When two galaxies collide, astronomers witness a frenzy of star formation creating what are known as "starburst galaxies." Although this is known, it's a little counter-intuitive; during galactic mergers, the swirling interstellar gases are so turbulent that star formation should be switched off. So what's going on?
VIDEO: We've Simulated The ENTIRE Universe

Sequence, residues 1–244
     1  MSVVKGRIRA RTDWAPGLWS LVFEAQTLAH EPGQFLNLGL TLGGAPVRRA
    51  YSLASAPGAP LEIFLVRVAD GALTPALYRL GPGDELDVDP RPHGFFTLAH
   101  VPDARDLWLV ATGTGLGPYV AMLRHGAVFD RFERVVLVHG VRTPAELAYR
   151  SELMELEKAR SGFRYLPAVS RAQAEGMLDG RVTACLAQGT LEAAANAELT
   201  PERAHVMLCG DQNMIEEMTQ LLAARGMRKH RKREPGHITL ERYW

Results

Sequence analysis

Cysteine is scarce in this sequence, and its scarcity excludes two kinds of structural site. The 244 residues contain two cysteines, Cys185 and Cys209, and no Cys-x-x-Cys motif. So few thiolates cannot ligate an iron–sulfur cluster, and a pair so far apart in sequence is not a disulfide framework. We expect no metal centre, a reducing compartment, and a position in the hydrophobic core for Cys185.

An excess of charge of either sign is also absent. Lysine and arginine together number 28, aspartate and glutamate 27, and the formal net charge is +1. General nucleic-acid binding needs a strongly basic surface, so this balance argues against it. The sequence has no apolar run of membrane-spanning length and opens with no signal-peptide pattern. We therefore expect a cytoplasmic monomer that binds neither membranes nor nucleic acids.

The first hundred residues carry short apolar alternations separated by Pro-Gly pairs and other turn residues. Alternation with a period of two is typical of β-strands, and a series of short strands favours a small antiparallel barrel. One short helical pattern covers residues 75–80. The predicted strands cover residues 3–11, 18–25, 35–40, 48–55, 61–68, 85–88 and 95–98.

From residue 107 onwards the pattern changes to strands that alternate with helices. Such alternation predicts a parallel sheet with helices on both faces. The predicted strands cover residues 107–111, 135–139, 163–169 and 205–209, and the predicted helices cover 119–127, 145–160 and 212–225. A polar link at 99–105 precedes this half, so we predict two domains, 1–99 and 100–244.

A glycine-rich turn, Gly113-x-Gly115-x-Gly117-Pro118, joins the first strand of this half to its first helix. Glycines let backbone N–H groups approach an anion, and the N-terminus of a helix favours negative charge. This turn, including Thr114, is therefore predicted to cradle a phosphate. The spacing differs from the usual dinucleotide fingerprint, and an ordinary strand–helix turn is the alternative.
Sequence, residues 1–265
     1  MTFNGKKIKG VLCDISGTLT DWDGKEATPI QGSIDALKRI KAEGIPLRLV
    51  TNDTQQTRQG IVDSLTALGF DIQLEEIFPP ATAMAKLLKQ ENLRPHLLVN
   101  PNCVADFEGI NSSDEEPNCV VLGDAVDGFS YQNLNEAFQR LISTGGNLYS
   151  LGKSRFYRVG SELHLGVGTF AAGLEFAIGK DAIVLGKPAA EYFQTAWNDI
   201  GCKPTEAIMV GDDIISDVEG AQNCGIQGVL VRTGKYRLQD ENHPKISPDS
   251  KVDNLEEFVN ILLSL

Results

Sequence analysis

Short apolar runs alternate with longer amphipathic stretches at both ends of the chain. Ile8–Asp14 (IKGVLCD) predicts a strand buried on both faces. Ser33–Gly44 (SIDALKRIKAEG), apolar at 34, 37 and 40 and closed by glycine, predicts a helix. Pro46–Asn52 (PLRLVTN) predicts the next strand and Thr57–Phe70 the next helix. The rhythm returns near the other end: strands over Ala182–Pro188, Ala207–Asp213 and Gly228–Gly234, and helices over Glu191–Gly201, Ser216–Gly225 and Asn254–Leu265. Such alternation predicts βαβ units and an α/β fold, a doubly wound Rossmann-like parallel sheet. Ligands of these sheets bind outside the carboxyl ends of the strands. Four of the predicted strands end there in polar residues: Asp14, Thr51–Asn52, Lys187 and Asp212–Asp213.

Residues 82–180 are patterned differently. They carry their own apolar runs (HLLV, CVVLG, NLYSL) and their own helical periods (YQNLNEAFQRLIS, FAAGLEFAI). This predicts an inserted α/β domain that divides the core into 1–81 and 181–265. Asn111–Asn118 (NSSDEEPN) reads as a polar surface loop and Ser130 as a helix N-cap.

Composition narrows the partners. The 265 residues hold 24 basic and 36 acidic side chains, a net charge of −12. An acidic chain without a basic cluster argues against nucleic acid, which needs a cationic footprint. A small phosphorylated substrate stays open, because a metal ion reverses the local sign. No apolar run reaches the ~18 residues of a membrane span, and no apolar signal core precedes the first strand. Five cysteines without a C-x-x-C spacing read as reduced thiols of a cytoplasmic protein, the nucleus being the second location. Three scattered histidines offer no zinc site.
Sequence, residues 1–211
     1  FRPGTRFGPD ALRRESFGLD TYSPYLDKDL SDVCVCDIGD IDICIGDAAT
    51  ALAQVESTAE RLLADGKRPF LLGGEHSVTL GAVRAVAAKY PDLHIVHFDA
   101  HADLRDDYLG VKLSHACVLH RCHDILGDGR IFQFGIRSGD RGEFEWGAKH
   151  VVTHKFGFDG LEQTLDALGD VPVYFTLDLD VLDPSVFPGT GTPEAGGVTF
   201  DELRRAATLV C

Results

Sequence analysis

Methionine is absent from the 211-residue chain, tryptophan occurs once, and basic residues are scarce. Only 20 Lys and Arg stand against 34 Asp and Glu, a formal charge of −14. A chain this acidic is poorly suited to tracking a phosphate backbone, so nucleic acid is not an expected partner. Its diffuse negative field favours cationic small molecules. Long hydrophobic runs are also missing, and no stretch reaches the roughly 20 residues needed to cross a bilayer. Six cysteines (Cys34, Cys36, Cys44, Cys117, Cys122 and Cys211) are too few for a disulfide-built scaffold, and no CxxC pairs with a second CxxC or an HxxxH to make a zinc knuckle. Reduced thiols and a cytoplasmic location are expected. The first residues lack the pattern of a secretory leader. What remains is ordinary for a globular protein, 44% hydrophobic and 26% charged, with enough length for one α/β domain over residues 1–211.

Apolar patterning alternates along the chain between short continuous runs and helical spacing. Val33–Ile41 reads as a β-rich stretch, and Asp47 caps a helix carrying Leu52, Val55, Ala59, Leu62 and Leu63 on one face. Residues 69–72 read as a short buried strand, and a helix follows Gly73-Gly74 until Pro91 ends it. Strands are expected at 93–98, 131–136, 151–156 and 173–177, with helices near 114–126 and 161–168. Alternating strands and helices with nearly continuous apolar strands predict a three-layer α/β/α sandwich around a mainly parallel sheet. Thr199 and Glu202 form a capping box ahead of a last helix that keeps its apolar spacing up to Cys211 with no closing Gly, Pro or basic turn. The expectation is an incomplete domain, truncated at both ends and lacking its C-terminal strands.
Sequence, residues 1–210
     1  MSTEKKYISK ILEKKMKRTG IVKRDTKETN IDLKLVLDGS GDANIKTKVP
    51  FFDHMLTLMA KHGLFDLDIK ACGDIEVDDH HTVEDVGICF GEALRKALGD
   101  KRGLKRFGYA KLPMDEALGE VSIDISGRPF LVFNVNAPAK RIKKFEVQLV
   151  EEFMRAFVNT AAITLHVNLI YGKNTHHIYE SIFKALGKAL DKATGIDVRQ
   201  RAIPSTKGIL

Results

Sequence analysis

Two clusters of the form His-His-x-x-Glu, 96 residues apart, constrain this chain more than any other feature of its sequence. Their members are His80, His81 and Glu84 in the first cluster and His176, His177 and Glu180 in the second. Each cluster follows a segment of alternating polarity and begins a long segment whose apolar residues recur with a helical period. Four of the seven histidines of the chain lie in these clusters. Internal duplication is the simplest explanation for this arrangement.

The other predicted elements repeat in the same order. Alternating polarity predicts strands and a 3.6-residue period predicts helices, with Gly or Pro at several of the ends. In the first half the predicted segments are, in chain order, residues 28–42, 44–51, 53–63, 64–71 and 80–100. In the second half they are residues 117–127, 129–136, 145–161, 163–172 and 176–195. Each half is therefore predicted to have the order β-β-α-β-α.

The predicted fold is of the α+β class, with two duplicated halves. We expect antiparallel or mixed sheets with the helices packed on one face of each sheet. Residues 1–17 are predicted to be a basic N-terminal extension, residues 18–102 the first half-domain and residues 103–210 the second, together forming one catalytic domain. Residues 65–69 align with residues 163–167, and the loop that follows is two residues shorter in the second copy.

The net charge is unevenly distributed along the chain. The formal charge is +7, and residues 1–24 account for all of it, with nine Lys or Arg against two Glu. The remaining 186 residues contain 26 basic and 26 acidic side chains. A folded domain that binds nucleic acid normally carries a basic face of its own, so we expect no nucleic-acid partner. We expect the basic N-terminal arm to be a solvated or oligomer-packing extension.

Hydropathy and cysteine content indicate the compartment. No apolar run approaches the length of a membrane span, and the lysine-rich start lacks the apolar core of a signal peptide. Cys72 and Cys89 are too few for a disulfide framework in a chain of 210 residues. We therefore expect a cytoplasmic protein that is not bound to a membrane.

Using two of Europe's most powerful supercomputers, French astrophysicists simulated 300,000 light-years of interstellar gas inside a Milky Way-like galaxy (on the TGCC Curie supercomputer in France) and a volume of gas, 600,000 million light-years wide, inside two merging galaxies (on the SuperMUC supercomputer in Germany). Committing millions of hours of computational time, the simulation replicated the random motions of gas inside the galactic disks, resolving chaotic features fractions of a light-year across.